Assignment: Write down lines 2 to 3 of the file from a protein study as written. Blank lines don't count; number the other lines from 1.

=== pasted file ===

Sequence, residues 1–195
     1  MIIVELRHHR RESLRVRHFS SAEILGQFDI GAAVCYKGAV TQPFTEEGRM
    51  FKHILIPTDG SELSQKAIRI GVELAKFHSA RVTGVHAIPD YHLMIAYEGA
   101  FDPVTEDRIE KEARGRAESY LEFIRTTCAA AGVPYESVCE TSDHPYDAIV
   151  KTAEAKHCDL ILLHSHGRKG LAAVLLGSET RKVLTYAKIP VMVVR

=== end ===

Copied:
     1  MIIVELRHHR RESLRVRHFS SAEILGQFDI GAAVCYKGAV TQPFTEEGRM
    51  FKHILIPTDG SELSQKAIRI GVELAKFHSA RVTGVHAIPD YHLMIAYEGA